“One meter from east to west, 1.5 meters from north to south, 80 centimeters in between…” This muttering comes from a volunteer who is measuring the tactile pavings on a footpath near the Grand View Park in Beijing’s Xuanwu District. Teng Luning, head of the local volunteer station, tells this reporter: “We make a point of drawing a map of all the blind tracks around our station, so that every volunteer will have a training and service manual.”
The map in the making will certainly be one of a kind. According to Teng, it provides detailed information about the blind stone pavements within one kilometer of the volunteer station, including their locations, starting, turning, and finish points, as well as their slope gradients, lengths, and widths.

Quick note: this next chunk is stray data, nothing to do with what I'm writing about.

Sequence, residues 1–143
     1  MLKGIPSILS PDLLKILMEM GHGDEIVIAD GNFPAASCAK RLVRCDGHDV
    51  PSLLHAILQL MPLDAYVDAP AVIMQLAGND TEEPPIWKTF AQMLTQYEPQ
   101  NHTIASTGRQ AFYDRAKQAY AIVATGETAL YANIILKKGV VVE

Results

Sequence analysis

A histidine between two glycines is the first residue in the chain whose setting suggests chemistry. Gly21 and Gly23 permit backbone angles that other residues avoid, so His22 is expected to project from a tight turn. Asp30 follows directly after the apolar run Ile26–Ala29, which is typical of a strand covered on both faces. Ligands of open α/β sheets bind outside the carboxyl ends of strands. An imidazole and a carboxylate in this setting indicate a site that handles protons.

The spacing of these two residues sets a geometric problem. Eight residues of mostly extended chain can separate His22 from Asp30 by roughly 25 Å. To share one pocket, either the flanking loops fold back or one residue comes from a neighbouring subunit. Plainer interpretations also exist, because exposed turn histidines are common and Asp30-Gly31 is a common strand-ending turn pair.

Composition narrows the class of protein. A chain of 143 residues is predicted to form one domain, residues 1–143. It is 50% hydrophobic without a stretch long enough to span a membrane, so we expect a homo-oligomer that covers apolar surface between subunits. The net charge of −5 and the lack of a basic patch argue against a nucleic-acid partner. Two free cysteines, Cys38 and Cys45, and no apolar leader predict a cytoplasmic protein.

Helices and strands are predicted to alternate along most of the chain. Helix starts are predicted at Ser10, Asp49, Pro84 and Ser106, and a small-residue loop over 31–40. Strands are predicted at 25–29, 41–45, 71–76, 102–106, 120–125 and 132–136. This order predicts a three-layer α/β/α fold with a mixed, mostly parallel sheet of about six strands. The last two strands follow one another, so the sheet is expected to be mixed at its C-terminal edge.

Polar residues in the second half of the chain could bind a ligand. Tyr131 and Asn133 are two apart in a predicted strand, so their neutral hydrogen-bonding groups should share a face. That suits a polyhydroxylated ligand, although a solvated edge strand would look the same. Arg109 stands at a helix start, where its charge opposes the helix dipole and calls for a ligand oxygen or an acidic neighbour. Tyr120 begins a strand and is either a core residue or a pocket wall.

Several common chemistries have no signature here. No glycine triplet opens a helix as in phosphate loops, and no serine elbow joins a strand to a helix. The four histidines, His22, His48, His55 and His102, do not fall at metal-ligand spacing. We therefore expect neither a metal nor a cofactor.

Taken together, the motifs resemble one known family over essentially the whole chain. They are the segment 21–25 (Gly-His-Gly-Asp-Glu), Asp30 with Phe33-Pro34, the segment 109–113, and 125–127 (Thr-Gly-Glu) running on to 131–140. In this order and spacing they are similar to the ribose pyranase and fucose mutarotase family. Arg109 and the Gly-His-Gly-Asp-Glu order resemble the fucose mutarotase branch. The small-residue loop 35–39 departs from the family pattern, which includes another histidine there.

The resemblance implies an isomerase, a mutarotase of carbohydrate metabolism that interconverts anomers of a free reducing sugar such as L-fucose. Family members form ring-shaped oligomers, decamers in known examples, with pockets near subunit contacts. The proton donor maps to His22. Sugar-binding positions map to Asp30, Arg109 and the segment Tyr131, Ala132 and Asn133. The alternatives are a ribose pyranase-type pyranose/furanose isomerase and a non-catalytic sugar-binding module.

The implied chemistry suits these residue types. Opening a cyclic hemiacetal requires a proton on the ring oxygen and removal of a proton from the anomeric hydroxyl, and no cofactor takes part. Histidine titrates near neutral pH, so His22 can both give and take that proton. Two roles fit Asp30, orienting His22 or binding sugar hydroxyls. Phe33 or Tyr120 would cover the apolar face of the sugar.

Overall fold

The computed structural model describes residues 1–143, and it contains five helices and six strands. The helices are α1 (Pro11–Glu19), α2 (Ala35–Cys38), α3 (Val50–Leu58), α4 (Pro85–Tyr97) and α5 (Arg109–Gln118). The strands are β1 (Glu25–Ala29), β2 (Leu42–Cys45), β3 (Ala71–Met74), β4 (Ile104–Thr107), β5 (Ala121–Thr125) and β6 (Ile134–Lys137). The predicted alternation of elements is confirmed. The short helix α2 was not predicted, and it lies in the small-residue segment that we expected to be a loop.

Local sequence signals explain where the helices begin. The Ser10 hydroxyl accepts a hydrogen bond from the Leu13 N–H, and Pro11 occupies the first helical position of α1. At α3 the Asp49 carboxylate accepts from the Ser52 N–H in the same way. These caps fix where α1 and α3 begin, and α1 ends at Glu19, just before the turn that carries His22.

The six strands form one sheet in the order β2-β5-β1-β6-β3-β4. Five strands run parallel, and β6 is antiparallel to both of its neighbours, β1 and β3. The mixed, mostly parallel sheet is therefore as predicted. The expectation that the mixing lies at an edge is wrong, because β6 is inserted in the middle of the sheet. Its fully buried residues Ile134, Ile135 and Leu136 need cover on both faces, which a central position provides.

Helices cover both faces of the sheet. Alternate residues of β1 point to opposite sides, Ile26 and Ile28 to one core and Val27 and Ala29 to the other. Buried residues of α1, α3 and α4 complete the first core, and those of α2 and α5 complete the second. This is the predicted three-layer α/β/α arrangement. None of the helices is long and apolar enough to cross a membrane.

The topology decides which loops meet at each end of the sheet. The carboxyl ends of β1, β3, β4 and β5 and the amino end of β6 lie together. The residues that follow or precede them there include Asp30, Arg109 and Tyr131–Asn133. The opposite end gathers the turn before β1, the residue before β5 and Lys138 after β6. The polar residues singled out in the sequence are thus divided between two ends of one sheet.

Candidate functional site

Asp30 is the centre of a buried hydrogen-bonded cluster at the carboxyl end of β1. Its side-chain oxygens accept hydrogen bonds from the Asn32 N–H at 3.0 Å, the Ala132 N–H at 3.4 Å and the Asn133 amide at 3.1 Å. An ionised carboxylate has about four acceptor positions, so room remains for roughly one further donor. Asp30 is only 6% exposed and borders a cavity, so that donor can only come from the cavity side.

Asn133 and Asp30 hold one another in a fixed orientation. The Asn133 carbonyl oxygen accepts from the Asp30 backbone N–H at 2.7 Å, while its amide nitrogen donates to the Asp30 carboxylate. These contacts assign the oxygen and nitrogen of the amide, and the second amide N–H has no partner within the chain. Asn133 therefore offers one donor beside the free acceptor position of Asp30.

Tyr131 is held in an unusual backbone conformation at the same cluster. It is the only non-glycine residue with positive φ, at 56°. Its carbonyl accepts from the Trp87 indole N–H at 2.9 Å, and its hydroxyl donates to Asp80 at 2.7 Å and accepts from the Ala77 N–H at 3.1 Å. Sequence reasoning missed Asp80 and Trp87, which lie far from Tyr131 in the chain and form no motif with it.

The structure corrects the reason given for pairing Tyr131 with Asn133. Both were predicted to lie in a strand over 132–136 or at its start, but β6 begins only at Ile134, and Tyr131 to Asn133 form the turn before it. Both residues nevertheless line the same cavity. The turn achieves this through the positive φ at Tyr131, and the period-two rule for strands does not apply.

In addition to those specifics about the grooved tracks for the blind, the volunteers also mark out the locations of nearby scenic spots, specialty stores, toilets, roadside benches, bus stops and so on. Teng says: “With this map, our volunteers can lead the blind people to their destinations, and tell them about the places of interest along the way, so that the visitors will get a better idea of Xuanwu District.”